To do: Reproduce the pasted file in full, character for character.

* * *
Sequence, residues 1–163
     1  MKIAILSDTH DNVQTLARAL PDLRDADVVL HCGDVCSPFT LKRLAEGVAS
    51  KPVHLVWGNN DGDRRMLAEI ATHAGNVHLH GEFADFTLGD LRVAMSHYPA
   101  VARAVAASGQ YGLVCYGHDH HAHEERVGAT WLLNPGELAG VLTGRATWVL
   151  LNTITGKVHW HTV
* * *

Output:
Sequence, residues 1–163
     1  MKIAILSDTH DNVQTLARAL PDLRDADVVL HCGDVCSPFT LKRLAEGVAS
    51  KPVHLVWGNN DGDRRMLAEI ATHAGNVHLH GEFADFTLGD LRVAMSHYPA
   101  VARAVAASGQ YGLVCYGHDH HAHEERVGAT WLLNPGELAG VLTGRATWVL
   151  LNTITGKVHW HTV